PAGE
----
I have War and Peace on my shelf, and its length is somewhat intimidating, at least to me. It’s not just long, it’s very long — the paperback is one of the fattest on my shelf. I’ve dipped into it but not sure I want to, or will, read the whole thing. (I don’t usu. remember BBC adaptations all that well but have a clear memory of A. Hopkins as Pierre. Quite a mannered performance, iirc, but perhaps memorable for that v. reason. Anderson, being somewhat younger than I am, may not have seen that adaptation.) OTOH, there are a few long books I’ve read that in retrospect prob. shdn’t have bothered with, notably Solzhenitsyn’s August 1914, which has a few good parts but is, on the whole, rather tedious, as I dimly recollect.


DaveL 07.10.14 at 3:20 pm

I’ve read The Gulag Archipelago, The First Circle, Ivan Denisovitch several times, GEB once (and began skimming after a while), still working on Anna Karenina, read Brief History of Time several times, hoping to better understand the “for physicists” parts, all of Joyce except never completed Finnegans Wake, read all of Pynchon (except the most recent), much of it twice — I reread The Crying of Lot 49 regularly.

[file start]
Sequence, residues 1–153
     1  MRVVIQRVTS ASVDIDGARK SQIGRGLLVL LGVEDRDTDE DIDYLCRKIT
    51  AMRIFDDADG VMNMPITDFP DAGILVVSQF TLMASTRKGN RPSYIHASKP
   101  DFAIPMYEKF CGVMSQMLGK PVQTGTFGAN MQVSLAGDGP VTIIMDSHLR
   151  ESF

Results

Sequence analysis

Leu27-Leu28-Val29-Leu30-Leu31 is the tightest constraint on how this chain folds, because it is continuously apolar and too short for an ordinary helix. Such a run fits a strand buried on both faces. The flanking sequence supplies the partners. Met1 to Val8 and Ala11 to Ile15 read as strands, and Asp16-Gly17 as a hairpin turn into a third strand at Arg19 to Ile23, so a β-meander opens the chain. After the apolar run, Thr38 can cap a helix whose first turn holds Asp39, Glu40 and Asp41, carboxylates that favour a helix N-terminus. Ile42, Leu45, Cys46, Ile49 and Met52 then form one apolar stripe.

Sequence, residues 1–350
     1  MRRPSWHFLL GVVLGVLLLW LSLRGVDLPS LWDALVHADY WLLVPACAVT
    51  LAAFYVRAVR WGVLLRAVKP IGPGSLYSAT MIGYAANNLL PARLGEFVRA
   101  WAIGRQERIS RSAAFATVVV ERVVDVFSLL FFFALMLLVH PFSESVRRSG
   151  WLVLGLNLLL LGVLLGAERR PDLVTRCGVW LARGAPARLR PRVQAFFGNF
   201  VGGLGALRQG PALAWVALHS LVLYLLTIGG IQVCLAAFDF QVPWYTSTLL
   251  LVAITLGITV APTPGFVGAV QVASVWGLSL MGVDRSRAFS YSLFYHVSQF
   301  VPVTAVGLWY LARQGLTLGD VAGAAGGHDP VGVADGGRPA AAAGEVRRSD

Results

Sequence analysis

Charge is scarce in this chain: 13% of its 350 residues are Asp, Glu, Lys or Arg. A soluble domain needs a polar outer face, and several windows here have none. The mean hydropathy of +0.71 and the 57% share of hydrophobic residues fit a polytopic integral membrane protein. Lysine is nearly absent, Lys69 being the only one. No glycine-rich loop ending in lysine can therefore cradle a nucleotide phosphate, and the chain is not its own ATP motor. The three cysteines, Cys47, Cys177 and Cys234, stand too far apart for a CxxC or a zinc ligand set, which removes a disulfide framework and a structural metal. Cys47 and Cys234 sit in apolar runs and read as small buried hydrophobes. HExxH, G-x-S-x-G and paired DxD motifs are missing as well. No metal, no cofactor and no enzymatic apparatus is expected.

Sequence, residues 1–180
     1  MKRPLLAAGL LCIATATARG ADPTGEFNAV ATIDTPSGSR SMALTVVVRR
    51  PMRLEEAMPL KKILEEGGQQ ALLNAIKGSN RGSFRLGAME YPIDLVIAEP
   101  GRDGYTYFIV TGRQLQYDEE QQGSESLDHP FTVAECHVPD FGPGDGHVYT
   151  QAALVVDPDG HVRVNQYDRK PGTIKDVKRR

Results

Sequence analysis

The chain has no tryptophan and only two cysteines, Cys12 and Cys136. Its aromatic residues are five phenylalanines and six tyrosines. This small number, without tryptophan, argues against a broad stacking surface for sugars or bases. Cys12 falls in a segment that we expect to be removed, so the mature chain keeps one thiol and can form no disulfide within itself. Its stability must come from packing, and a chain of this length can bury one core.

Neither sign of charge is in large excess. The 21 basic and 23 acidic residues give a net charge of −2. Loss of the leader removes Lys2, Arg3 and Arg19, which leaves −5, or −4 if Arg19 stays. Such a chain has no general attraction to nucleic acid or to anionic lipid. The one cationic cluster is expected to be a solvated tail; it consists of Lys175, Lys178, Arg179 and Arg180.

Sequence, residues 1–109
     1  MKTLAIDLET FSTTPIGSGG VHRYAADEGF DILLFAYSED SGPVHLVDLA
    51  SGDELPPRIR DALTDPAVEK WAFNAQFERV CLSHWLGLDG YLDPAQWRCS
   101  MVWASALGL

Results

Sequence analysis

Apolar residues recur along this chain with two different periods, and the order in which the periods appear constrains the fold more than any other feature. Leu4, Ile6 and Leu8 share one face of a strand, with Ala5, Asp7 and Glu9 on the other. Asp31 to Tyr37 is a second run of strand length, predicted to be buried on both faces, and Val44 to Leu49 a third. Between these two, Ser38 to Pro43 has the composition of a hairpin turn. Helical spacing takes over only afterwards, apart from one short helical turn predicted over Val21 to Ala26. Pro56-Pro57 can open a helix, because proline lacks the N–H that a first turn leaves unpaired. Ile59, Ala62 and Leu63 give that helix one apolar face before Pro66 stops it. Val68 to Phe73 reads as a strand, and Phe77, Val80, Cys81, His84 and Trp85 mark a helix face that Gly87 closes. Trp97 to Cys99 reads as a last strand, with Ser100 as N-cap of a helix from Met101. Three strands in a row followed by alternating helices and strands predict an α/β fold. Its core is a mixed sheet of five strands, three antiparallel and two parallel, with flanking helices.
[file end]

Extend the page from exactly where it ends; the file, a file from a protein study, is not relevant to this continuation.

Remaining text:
I love big doorstop books in general (has anyone else read Stephenson’s Anathem multiple times, not to mention The Baroque Cycle ditto?). I also love Pratchett, Wodehouse, Banks, and George R. R. Martin’s pickup truck full of doorstops*.

Still, when I reread it’s mostly the Nth time for favorites: Gene Wolfe, Pratchett, George V. Higgins, Bruce Sterling, John Crowley…

*”Dynasty overthrown after losing superweapons; victors squabble while dynasty survivor gets more.”


AB 07.10.14 at 3:48 pm

Leo Strauss had much to say about which parts of books get read. Censors and persecutors will read the beginning and the end, so readers seeking the true content should pay close attention to the middle and to notes, appendices, and the like.


Trader Joe 07.10.14 at 3:56 pm

@64 and others on War and Peace

I agree the book looks daunting on the shelf, but the last 250 or so pages in the hardback and about 400 in the paperback are primarily Tolstoy’s diatribe on wars and men and political systems of governance ….it can be read completely separately (or not read at all) from the main soap opera drama of main story line. The core story reads very easily, its that essay at the end which, while quite good, is much more tedious to get through (and which for many earns it a permanent place as a door stop.)